A. Mandatory Eligibility Policies
- Exhaust all avenues to eligibility before denial or termination. Because Medicaid eligibility is not based on TANF eligibility, states may not deny Medicaid eligibility to a family or any family member simply because the family is ineligible for TANF because of employment, time limits, sanctions, or for any other reason. Nor can a state deny Medicaid eligibility because a family member loses eligibility under a particular Medicaid eligibility category. Further, it is not acceptable for a state to deny a joint application and then advise families to reapply if they think they may be eligible under another Medicaid category. States are prohibited from denying or terminating Medicaid eligibility unless all possible avenues to Medicaid eligibility have been affirmatively explored and exhausted.
Since Medicaid eligibility for families no longer hinges on eligibility for welfare, and since Medicaid generally covers a broader group of children and families than may be eligible for TANF, some or all members of a family that fails to meet TANF eligibility criteria are likely to be eligible for Medicaid. There are many possible avenues to Medicaid eligibility for family members denied or terminated from TANF assistance, including the Section 1931 group (depending on family income and other state eligibility rules for the group), poverty-level groups, and transitional Medicaid.
- Provide transitional Medicaid for families. Under Section 1925 of the Social Security Act, states must provide extended Medicaid benefits ("transitional Medicaid") to families who, because of hours of work or income from employment (or loss of the earned income disregard), lose their eligibility for Medicaid under the Section 1931 group. (States must also provide transitional Medicaid when eligibility would otherwise be lost due to child support income.) It is important to note that it is the loss of coverage under Section 1931 — not the loss of TANF assistance — that is now the trigger for transitional Medicaid.
States are required to provide an initial six-month period of transitional Medicaid and, subject to certain reporting requirements and the income limit explained below, an additional six months of coverage. Some states provide a longer period of transitional Medicaid under Section 1115 waivers. (Four months of coverage are available when child support payments trigger eligibility.)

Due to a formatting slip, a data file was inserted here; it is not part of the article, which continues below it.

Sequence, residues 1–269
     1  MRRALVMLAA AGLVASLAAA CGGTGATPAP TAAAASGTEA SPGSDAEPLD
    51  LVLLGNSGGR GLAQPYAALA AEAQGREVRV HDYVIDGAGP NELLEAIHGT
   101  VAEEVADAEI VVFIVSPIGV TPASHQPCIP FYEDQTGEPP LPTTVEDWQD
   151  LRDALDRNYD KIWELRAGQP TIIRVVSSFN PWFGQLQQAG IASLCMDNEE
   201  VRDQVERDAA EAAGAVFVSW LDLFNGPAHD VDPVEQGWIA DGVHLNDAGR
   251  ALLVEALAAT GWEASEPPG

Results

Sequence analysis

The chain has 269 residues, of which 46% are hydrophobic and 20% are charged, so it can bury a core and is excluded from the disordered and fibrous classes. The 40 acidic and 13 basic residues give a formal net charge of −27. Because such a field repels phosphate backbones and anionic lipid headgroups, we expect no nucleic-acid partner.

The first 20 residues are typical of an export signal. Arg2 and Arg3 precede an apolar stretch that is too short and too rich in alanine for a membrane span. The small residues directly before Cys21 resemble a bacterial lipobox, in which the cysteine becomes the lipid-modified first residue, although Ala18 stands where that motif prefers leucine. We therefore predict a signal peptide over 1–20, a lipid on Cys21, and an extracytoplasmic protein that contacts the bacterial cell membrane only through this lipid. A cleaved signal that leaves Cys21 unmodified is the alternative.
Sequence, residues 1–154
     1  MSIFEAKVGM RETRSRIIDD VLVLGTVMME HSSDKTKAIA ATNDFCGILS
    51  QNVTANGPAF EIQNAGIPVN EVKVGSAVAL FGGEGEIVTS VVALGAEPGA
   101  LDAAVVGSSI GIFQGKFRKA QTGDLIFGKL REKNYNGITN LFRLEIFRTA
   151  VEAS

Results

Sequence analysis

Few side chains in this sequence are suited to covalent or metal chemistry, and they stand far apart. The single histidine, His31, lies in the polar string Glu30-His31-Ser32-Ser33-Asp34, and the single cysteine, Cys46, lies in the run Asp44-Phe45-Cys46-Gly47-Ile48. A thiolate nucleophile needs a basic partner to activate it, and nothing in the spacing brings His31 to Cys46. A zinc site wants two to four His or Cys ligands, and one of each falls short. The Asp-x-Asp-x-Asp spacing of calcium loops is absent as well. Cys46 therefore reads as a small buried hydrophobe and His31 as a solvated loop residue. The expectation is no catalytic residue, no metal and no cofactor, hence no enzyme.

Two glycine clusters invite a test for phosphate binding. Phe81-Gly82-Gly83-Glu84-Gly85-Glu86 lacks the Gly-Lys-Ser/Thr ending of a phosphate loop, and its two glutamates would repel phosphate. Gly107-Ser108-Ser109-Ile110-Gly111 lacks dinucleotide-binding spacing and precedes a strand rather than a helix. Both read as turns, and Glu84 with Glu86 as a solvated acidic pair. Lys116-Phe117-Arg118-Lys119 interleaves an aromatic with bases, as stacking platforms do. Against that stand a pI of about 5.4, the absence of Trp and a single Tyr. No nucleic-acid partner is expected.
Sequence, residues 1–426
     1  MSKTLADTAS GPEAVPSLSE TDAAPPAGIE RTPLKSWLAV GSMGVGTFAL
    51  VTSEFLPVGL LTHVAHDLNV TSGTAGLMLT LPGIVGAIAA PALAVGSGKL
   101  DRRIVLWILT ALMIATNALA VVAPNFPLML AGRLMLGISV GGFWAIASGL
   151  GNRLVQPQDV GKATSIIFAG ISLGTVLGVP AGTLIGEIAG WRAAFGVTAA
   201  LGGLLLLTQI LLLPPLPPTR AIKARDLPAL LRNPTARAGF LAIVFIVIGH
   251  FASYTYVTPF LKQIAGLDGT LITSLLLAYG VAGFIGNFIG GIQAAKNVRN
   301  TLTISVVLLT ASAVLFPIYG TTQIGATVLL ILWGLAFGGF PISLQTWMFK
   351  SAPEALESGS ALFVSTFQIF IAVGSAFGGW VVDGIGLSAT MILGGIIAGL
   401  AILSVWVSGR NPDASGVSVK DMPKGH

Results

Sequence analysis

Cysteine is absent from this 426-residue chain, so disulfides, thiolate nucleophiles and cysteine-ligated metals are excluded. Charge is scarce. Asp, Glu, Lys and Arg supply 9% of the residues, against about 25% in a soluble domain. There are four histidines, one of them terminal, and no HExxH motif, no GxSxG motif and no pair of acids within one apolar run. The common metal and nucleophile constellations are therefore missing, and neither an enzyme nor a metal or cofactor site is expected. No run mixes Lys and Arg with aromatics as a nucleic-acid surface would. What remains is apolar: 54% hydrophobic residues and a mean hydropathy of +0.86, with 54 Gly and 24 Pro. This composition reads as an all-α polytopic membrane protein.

To be eligible for transitional Medicaid, a family must have received Medicaid under Section 1931 in three out of the preceding six months before becoming ineligible under this category. No income limit applies to families for the initial six-month period of transitional Medicaid. However, the second six-month period is limited to families whose earned income (less necessary child care expenses) does not exceed 185% of the Federal poverty level for the size of the family.
B. Optional Eligibility Policies
- Provide continuous eligibility for children. Under Section 1902(e)(12) of the Social Security Act, states may grant continuous Medicaid eligibility to children under age 19 for up to 12 months, even if there is a change in family income, assets, or composition. Such eligibility must end when the child reaches age 19. By granting children eligibility for up to one year without regard to changes in circumstances, states can minimize the burden on families seeking to maintain coverage for their children. Most importantly, continuous eligibility can minimize coverage losses among children that occur because families are in financial transition and because of the barriers to continued participation that recertification requirements impose. To adopt the continuous eligibility option, states must amend their Medicaid state plans. States may also grant continuous eligibility under CHIP.
- Termination for failure to meet TANF work requirements. States can terminate Medicaid coverage for a TANF recipient (excluding pregnant women and children eligible under a poverty-level group and minor children who are not heads-of-household under TANF) if the recipient's TANF assistance is terminated because of a refusal to cooperate with TANF work requirements. This sanction extends only to the person violating the TANF work requirement, in most cases the adult head-of-household. A state cannot terminate Medicaid benefits for other family members, including the children of an adult who fails to meet a TANF work requirement. States that wish to adopt this option to terminate Medicaid for refusal to cooperate with work requirements must submit a Medicaid state plan amendment.
- Medicaid payment of premiums and cost-sharing for employer-based health coverage. Under Section 1906 of the Social Security Act, states have the option of paying a low-income worker's share of the premium for employer-sponsored health insurance along with any cost-sharing, if such action would be cost-effective relative to providing Medicaid for that person. That is, the cost to the state of the premiums and cost-sharing must not exceed the cost to the state of providing Medicaid benefits. The family or individual must be otherwise eligible for Medicaid and agree to enroll in the employer-based health insurance as a condition of Medicaid eligibility. Under Section 1925, states have the option of requiring that individuals receiving transitional Medicaid enroll in employer-sponsored insurance, whether or not it is cost-effective.